On appeal, Plaintiff alleges the ALJ erred by (1) failing to properly consider whether Plaintiff could return to his past work at step four, and (2) failing to properly evaluate Plaintiff's mental impairments at step two.

         Regarding the first argument, where a composite job is involved, “[s]uch situations will be evaluated according to the particular facts of each individual case, ” and, in such instances, the services of a vocational expert may be necessary. S.S.R. 82-61. Here, the vocational expert testified that Plaintiff could perform past work as a supervisor and contractor and that she was aware those jobs as performed were composite jobs which also involved bricklaying duties. (Tr. 28, 58-65, 74.) Furthermore, Plaintiff himself reported those bricklaying duties were performed at the light exertional level. (Tr. 191-97.) Thus, contrary to Plaintiff's argument, the ALJ did not err in finding that Plaintiff could perform past relevant work as a supervisor and contractor, as actually performed, at step four.

         As for Plaintiff's second argument, if an ALJ finds that a claimant's limitations in the first three categories of mental functioning are “none” or “mild” and the claimant has had no episodes of decompensation of extended duration, the ALJ will generally find that the mental impairment is not severe. See 20 C.F.R. §§ 404.1520a(d)(1) and 416.920a(d)(1). Here, the ALJ noted that the record indicated that Plaintiff had been diagnosed with depression, bipolar disorder, and a history of polysubstance abuse. (Tr. 19, 257-60, 353-61, 363-65, 369-71, 377-80.) Despite these diagnoses, however, the ALJ observed that the objective medical evidence and Plaintiff's limited mental health treatment did not reflect a significant loss of abstraction or intellectual ability, or an inability to learn new information, remember information, interact with verbal and nonverbal communication, control his movements, or control his behavior. (Tr. 20.) Consistent with the ALJ's findings that Plaintiff had only mild limitations in activities of daily living, social functioning, and maintaining concentration, persistence, and pace, along with no episodes of decompensation, was the opinion of Stephen Scher, Ph.D., the State agency psychological consultant who reviewed Plaintiff's file and concluded that the record failed to show that he suffered from a severe mental impairment. (Tr. 20-21, 79-81, 92.) Accordingly, the Court finds no error by the ALJ in evaluating Plaintiff's mental impairments at step two.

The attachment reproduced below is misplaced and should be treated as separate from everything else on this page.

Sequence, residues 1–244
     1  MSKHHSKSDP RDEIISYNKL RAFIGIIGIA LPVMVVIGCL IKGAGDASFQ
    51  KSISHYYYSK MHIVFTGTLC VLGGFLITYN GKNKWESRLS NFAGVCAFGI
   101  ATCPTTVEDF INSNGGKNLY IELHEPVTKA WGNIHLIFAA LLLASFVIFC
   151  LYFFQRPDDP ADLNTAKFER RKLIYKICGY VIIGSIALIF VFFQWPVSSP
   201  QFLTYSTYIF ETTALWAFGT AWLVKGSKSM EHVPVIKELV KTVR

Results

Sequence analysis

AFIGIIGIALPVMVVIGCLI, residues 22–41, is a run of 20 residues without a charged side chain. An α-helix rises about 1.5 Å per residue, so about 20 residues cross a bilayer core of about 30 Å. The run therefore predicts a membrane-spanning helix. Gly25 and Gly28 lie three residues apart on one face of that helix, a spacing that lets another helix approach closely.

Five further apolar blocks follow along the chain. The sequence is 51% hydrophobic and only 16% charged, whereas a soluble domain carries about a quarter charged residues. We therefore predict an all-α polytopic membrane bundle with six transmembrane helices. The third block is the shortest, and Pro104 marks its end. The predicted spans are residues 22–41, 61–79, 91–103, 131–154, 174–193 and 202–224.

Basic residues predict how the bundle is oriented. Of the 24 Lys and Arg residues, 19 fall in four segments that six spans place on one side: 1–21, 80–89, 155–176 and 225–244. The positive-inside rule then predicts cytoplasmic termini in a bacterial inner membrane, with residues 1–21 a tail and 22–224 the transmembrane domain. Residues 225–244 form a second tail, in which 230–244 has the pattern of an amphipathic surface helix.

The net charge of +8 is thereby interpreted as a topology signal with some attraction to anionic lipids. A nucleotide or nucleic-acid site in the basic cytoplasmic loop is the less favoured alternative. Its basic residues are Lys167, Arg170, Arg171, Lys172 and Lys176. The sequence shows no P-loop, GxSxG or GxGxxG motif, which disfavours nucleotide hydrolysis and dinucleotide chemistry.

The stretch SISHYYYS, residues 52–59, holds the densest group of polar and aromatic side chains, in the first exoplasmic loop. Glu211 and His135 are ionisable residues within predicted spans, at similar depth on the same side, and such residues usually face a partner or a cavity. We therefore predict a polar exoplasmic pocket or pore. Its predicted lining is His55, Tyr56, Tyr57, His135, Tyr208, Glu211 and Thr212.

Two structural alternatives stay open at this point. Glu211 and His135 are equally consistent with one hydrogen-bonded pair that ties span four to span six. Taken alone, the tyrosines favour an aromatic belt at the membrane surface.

Conclusion

         Having carefully reviewed the record and the parties' submissions, for the reasons set forth above, as well as in the Commissioner's brief, the Court concludes that substantial ...